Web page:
May 1 was a holiday for immigrants and essential workers in Los Angeles; both continued their fight against racism, against those who oppose the legalization of undocumented people in the United States and are against union democracy for all.
A large contingent of at least 10,000 participants gathered at the historic corner of Broadway Street and Olympic Boulevard, where they defied warm temperatures and marched together to Gran Park, in front of the Los Angeles City Hall.
“We call on the president [Joe Biden] to declare a general pardon for all undocumented workers, a first step to clear the path to citizenship and legalization,” asked Miguel López, a member of the 1970 Chicano Moratorium Committee.
A general pardon from the president is a power that only Biden controls and that would guarantee the rights of the undocumented to obtain employment benefits.
May 1 not only honors immigrants on the so-called “May Day”, but also the martyrs of Chicago who established the eight-hour workday and gave voice to the international movement of the working class in its struggle for dignity. , respect and justice.
Organized by the Coalition for the Human Rights of Immigrants of Los Angeles (CHIRLA), its executive director, Angélica Salas, expressed that the population continues to march together “because we have not received the justice we deserve.”
“We want our families to be united, but we see what happens with our people who ask for asylum at the border and so many people who are here, and who deserve justice for all their contribution,” he added. “We continue to fight for racial equality for African Americans and Latinos, and with love we have to understand that we must defeat white supremacy in this country.”
A significant group of “dreamer” students, led by Professor Armando Vázquez, from the Center for California-Mexico-States Studies, advocated a “presidential pardon” for 11 million undocumented immigrants.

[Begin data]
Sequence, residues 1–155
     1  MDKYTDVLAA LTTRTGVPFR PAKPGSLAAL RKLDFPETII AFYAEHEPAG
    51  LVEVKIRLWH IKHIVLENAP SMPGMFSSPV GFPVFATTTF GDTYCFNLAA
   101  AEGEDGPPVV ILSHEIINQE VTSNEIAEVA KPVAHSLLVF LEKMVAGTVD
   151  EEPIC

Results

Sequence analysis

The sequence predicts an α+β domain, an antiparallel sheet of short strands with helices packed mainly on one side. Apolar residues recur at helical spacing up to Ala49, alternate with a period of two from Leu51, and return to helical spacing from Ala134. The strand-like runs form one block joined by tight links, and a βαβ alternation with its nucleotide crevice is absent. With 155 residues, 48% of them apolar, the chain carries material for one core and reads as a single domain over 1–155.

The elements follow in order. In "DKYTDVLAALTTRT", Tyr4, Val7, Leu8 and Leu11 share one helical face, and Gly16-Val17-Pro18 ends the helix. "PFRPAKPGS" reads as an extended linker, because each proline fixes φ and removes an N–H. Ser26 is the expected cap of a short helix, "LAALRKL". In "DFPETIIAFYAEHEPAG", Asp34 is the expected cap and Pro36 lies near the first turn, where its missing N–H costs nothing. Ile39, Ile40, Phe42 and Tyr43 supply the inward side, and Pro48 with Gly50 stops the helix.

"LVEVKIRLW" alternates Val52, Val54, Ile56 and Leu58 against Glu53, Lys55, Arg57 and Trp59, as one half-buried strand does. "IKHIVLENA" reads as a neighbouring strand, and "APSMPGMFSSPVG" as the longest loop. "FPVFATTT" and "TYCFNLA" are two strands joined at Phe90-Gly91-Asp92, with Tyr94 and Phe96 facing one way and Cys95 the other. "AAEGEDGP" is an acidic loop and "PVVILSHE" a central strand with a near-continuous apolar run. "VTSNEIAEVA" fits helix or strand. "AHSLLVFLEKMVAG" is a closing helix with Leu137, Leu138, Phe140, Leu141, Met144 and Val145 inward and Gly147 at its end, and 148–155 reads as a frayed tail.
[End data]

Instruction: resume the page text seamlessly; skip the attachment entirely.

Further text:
They yearn for President Joe Biden to act in a similar way to how former presidents Geraldo Ford did, who pardoned 250,000 deserters from the Vietnam War, after former President Richard Nixon surrendered power and the 550,000 pardons granted by the former President Jimmy Carter to those who evaded joining the ranks of the United States Army.
“I think there would be little chance of this request, because they do not even consider it an option,” Professor Vázquez stressed. “What’s more, they don’t know in Congress that the president could pardon undocumented immigrants, but he doesn’t want to do it.”
Who aspires to that forgiveness are the brothers América and Edgar López, both teachers, who live alone in the United States, since their mother decided to return to Hidalgo, Mexico to take care of her sick parents.
“We just need a chance to be better and contribute more to this country,” Edgar said. “It’s unfortunate that in this country you have to choose who comes and who doesn’t.”
The migrant federal deputy, María Elena Serrano, expressed that raising our voices is important, “and it is necessary to continue pressuring people in Washington, because it is time for them to give us immigration reform.”
For her part, Senator María Elena Durazo celebrated that some 200,000 undocumented immigrants in California may already be eligible to receive state health insurance.
“We will continue fighting until everyone has that benefit, so that we finally stop feeling that feeling of discrimination,” he said. “25 years ago they attacked us with Proposition 187; today we tell those who wanted to do us so much harm, that in California their policies are not going to work”.
Taking advantage of the demonstration, a contingent of street vendors populated the downtown streets of the Los Angeles metropolis to remind the municipal authorities that they will not rest until they eliminate the proposal to increase the sales permit fee from $291 to $591.
“In Chicago, the city works with its vendors and helps them do their jobs honestly by charging them just $100,” said Rosa Miranda, an organizer with the Community Power Collective. “The main opponent we have is Councilman Mitch O’Farrell; of 192 fines applied, 165 occurred in his district and it is clear that he wants to eliminate sales in Hollywood”.
One of the protesters, Lidia Catalán, from Guerrero, Mexico, who marched alongside her husband Gerardo and their children Rosa and Gerardo Jr., told La Opinion that for a decade she has been selling tools and jewelry, but the police won’t let them sell in peace.
“They should let us work in peace,” he said. “We are not harming anyone with our work; on the contrary, we contribute to the city’s economy with our taxes”.
With her agreed Edgar Murillo, 34, an immigrant from Durango, Mexico, who led the march in his wheelchair.
“We have to make ourselves known as immigrants; I joined the march, because like most, I would like to have my papers and a legal residence”, said the worker of a shipping company in Los Angeles.